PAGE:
• 1/2" Upshear Endmill
  • 1/2" Upshear Ball Endmill

Part Milling

Here's the sequence of cutting:
  1. Bore into spoilboard for the metal alignment pins 
  2. Secure the workpiece to spoilboard with two screws
  3. Bore through the workpiece for the alignment pins
  4. Mill the mortise in the center of the part
  5. Contour the outline using thick tabs to secure the part into the stock
  6. Rough out the chamfered edge (include tabs)
  7. Finish the chamfered edge (include tabs)
  8. Insert dowel pins into the spoilboard
  9. Flip the work
  10. Secure the workpiece again with screws
  11. Contour the outline with tabs (same toolpath as above)
  12. Rough the chamfer (same toolpath with no tabs needed on this side)
  13. Finish the chamfer (same toolpath above, again no tabs)
Here's the first part I cut, mid way through the top side operations. The mortise has been cut, the outer contour has been cut - with tabs to hold the part in place in the stock. The roughing of the chamfer is done as well. Also note the holes for the dowel pins along the centerline of the part. The holes are milled but they dowels aren't in place yet. You can see a dowel pin near the left bottom of the image. That one is used to line of the stock straight on the router bed. Additionally note the screw holes (upper left, lower right) which secure the stock to the spoilboard. Dowel pins alone aren't gong to work well enough when using an upshear bit which tends to lift the workpiece from the table.

Next up is the ball end milling to smooth the chamfered surface. You can see the tabs in this image. They hold the workpiece in the blank during the cutting. They only hit the chamfer from this side. The other side is cleanly milled. After the part is fully cut those will be smooth out with a sharp chisel and scraper.

Here's the roughing pass after the flip - the centered dowel pin is visible. These provide a very accurate way to realign the part after the flip.

Here are all three parts after finished routing:

The parts are removed from the stock block using the bandsaw and then a chisel is used to clean off the tab material from the bevel.

Next a chisel is used to square up the corners where the cylindrical router bit could not reach. This allowed me to keep the crisp edges I wanted to the chamfer. It would have been possible to round the edges of the chamfers to match the mortise but that's not the look I wanted. If I were making these tables for production I would certainly do that. Or even make the mortises completely round at the ends and the chamfers become a round over.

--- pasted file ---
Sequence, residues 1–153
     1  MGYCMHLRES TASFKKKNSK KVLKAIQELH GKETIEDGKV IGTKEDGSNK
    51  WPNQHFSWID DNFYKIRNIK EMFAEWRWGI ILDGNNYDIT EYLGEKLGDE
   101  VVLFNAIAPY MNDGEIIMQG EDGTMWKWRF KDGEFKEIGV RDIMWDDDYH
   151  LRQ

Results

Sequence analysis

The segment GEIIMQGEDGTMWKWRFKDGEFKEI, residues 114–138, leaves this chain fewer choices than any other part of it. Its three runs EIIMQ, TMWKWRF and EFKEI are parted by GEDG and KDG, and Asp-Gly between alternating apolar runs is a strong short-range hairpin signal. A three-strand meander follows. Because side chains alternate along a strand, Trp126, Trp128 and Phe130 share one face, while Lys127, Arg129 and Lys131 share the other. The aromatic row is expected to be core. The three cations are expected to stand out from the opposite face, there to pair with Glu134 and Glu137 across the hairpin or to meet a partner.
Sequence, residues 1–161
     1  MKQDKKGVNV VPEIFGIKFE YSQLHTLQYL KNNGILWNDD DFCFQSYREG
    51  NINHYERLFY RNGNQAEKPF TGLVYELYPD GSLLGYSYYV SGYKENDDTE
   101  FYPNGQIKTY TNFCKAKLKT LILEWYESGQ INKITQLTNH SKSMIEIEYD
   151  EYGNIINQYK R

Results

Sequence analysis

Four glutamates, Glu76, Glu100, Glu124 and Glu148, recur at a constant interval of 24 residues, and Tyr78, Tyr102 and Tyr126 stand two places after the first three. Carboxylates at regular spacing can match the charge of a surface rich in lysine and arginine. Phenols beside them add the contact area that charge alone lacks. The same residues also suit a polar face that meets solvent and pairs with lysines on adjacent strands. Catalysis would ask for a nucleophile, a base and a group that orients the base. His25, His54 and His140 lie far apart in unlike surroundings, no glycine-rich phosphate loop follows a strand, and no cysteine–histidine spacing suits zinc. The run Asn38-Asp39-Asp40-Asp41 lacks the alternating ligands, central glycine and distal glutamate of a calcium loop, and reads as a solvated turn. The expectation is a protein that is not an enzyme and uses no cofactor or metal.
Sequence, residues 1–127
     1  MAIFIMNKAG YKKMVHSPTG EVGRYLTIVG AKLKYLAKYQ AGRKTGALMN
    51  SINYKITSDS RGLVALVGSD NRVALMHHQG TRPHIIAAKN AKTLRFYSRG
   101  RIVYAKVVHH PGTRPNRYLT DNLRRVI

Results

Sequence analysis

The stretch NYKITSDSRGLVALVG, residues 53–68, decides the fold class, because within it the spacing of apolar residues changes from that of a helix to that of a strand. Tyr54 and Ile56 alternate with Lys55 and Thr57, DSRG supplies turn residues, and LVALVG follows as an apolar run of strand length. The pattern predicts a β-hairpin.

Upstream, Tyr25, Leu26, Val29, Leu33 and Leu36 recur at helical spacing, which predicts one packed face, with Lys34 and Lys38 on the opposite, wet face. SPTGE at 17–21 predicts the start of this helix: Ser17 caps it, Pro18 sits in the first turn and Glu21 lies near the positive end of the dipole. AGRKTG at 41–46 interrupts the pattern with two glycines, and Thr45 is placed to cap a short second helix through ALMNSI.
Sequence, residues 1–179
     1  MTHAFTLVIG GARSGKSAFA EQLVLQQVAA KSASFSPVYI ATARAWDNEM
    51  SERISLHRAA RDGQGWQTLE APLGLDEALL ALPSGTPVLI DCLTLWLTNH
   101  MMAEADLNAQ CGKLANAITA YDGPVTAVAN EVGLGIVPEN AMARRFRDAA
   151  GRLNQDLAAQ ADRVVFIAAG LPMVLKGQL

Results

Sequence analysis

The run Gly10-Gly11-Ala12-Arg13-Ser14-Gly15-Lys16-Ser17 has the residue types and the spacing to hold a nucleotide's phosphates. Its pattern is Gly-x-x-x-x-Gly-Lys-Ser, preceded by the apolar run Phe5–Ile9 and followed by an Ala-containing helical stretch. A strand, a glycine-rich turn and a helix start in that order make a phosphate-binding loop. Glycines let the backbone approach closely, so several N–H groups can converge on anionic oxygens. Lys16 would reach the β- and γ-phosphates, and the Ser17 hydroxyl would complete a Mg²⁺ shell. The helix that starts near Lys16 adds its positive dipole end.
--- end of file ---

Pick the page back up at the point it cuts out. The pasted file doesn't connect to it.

This version was a lot of toolpaths and a lot of manual cleanup.

Table Version 2

So in this next version I tried to simplify everything. I wanted to use smaller sized stock without so much waste, and no tabs which had to be manually cleaned up. In terms of the fixturing I've tried lots of things in the past, usually using a vacuum table. This time I tried screwing right through the part and making the hole part of the design.

Here's the 3D model with the chamfered through holes:

3/8" Bolts. A hole is bored into the table, narrower than the hole in the stock, so the threads bite into the spoilboard.

Here's a part, bolted down, after milling one side:

Here's the part flipped, after completing the roughing pass. A ball end mill chamfers the surface. A final contour pass using the side of the ball end tool finished the milling.

Milled parts, after chiseling out the corners:

The hole gets a chamfer by hand:

The finished table:

After having seen the built project my conclusion is - the holes are fantastically lame.  :) I think I'm going to have to do some more work on this to make them appear more integral to the piece.

Because the original holes were centered on the end arcs, to cover the hole location and be centered now, the new holes have to be quite large as seen on the green piece. Doesn't look good. Same for centering them on the hold holes (red). So I think the best (least worst) bet are 1" holes over the old location (blue).

Slots better echo the overall form - those below are 2" long and 3.75" long (which matches the width):